Leading Your Business Through Pandemic
The COVID-19 pandemic and the resulting societal and economic shutdowns are delivering a shock to the global economy and to the broader fashion industry.
Date: 28 May 2020
Retail businesses are temporarily closed, brands are adjusting to declining customer spending, and workers in countries like India, Bangladesh, and China are furloughed because of reduced or cancelled orders. And an impending economic crisis is expected to wipe out more than 30% of the fashion industry’s business in 2020 alone.
Many companies are feeling their way towards understanding, reacting to, and learning lessons from rapidly unfolding events of COVID-19.
Here is a guidance for responding to unfolding events, communicating, and extracting and applying learnings:
Events are unfolding with astounding speed, and most of the news sources communicate updates every 72 hours, but they moved to a daily cycle, for updating data.
News organizations often focus on what’s new rather than the big picture, and they sometimes don’t distinguish between hard facts, soft facts, and speculation.
When exposed to fast changing information, we have a systematic tendency initially to overlook weak signals, then to overreact to emerging issues before we eventually take a more calibrated view. Critical thinking is crucial about the source of the information before acting on it.
Leaders might reasonably conclude that there is so much information and commentary available externally that they don’t need to do anything additional.
Creating and widely sharing a regularly updated summary of facts and implications is invaluable, so that time is not wasted debating what the facts are - or worse, making different assumptions about facts.
Employees will likely be exposed to conflicting information and feel anxious or confused about the best course of action. Be sure to communicate policies promptly, clearly, and in a balanced manner. Furthermore, communicate contextual information and the reasoning behind policies so that employees can deepen their own understanding and also take initiative in unanticipated situations, such as employee holidays in a restricted location or how to handle contractors. Make sure that travel policies are clear in terms of where employees can travel to, for what reasons, what authorizations are required and when the policy will be reviewed.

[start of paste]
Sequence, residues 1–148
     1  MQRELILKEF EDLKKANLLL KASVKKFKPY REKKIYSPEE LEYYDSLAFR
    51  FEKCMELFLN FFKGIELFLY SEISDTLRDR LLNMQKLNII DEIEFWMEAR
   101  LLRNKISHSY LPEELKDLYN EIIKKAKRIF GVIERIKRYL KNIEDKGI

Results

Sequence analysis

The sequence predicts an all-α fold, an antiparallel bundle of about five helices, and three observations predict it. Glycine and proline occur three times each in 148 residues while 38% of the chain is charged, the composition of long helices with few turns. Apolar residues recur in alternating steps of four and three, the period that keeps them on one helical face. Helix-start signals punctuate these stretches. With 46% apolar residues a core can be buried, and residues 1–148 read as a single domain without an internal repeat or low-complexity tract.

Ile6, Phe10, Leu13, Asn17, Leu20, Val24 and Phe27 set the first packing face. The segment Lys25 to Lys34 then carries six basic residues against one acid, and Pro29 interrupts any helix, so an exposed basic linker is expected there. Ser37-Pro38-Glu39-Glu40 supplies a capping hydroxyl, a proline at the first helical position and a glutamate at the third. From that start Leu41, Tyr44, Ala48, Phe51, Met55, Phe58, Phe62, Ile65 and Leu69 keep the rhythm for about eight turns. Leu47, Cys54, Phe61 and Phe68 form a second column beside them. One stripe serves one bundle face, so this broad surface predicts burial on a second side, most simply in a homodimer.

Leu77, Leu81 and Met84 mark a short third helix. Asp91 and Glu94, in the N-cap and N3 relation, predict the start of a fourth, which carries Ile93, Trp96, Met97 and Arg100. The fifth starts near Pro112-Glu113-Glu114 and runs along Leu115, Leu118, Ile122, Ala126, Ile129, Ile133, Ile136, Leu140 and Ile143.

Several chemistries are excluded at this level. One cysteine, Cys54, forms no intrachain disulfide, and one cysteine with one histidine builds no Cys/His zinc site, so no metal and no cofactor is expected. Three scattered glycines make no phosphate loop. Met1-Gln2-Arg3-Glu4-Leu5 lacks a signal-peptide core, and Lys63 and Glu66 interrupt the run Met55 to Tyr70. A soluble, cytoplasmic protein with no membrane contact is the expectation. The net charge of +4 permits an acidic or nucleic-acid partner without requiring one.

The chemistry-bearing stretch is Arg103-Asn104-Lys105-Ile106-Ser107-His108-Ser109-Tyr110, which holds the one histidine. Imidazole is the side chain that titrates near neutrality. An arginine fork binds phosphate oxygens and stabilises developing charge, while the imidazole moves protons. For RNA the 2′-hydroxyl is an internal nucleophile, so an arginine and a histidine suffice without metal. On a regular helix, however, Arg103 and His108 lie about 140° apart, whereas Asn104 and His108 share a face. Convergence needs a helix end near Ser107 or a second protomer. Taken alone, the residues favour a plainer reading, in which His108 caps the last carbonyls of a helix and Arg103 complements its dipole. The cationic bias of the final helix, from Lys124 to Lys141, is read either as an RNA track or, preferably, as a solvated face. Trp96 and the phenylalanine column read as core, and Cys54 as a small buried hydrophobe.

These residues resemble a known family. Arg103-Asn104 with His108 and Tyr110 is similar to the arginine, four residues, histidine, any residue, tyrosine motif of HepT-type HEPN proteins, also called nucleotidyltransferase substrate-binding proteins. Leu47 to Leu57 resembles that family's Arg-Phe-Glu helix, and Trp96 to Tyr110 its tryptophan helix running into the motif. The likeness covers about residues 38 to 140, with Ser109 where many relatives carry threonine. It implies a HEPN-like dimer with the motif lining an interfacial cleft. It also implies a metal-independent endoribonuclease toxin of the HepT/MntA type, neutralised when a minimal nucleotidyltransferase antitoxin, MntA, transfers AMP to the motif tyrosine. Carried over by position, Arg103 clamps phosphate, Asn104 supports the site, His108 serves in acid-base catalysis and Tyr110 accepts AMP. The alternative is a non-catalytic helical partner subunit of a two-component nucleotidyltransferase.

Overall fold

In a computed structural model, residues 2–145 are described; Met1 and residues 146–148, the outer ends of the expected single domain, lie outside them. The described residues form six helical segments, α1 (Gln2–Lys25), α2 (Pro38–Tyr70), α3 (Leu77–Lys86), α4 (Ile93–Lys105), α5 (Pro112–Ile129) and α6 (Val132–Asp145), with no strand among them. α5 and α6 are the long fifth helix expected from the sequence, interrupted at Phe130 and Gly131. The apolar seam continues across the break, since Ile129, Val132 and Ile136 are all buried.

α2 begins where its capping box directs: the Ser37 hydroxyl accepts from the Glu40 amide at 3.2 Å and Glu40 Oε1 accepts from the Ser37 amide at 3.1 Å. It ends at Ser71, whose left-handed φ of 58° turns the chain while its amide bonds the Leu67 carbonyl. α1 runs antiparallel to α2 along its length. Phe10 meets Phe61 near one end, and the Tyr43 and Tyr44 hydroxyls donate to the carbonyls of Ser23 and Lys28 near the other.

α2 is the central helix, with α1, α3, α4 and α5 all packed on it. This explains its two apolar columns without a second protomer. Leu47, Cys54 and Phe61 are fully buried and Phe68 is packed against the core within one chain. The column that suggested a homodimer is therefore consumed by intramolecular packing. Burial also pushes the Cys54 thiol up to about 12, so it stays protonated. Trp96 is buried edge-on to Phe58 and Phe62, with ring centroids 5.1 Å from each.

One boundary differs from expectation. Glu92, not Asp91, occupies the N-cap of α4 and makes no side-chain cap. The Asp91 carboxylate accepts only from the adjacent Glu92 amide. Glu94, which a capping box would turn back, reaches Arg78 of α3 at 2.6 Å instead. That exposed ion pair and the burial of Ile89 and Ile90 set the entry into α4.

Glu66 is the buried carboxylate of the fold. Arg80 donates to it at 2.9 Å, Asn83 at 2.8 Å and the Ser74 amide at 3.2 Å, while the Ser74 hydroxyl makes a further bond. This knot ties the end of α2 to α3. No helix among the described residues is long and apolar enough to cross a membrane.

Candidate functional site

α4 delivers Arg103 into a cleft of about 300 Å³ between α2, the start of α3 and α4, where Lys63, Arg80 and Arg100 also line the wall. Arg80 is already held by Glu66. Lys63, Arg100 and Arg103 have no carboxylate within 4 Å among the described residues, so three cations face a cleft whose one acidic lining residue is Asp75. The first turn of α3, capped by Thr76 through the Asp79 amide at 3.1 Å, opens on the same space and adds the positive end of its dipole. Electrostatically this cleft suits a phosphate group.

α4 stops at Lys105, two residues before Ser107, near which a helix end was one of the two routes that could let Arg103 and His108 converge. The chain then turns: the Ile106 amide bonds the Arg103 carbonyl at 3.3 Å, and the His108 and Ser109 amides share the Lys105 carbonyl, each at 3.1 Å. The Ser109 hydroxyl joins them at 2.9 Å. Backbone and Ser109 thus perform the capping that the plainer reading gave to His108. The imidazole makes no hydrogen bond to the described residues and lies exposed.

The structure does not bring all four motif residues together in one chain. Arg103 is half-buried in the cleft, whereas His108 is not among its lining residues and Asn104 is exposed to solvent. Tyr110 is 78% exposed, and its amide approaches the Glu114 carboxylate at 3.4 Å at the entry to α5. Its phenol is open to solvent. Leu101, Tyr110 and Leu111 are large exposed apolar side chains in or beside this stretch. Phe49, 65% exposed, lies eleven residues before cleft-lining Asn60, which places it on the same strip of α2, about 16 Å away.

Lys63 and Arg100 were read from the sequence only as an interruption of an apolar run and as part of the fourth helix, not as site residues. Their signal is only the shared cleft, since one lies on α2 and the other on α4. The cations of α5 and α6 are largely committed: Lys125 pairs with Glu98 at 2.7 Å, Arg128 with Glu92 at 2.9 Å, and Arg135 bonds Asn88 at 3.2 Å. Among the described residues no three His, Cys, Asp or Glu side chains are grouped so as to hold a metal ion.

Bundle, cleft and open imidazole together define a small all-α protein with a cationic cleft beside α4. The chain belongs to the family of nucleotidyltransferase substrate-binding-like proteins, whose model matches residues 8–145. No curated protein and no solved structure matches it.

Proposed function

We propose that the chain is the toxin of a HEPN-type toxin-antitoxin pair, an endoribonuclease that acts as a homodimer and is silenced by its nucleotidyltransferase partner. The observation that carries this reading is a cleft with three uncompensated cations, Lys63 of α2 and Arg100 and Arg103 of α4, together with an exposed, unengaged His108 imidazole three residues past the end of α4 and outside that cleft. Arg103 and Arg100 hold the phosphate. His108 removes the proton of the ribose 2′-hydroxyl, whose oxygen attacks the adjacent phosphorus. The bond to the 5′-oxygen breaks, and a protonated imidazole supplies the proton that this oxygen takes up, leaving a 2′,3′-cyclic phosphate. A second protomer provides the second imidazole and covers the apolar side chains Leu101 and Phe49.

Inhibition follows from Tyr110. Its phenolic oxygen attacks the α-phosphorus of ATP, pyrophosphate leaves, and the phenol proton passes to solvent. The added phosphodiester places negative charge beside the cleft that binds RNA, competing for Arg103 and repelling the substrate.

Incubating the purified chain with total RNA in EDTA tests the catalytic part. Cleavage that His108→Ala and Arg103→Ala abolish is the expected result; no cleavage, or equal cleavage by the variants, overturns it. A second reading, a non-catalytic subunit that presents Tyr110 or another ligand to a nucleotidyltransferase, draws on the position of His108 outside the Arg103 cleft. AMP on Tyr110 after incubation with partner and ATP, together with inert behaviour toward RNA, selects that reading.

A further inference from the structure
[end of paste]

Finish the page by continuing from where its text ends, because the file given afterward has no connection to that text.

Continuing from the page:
Acting on Information:
A Chinese proverb reminds us that great generals should issue commands in the morning and change them in the evening.But large organizations are rarely so flexible. Managers often resist disseminating plans until they are completely sure, and then they are reluctant to change them for fear of looking indecisive or misinformed, or of creating confusion in the organization.
A living document, with a time-stamped “best current view” is essential to learn and adapt in a rapidly changing situation.
Assembling a small trusted team and giving them enough leeway to make rapid tactical decisions is critical. Overly managing communications can be damaging when each day brings significant new information to light.
Use the clock speed of external events as a guideline for pacing the internal process, rather than starting with the latter as a given.
Attempt to stabilize supply chains by using safety stocks, alternative sources, and working with suppliers to solve bottlenecks. Where rapid solutions are not possible, co-develop plans, put in place interim solutions, and communicate plans to all relevant stakeholders.
It’s likely that the crisis will create unpredictable fluctuations. Put in place rapid-reporting cycles so that you can understand how your business is being affected, where mitigation is required, and how quickly operations are recovering.
A crisis doesn’t imply immunity from performance management, and sooner or later markets will judge which companies managed the challenge most effectively.
As a corporate citizen you should support others in your supply chain, industry, community, and local government. Consider how your business can contribute, be it in health care, communications, food, or some other domain.
Efficiency reigns in a stable world with no surprises, and this mindset is often dominant in large corporations. But the key goal in managing dynamic and unpredictable challenges is resilience - the ability to survive and thrive through unpredictable, changing, and potentially unfavorable events.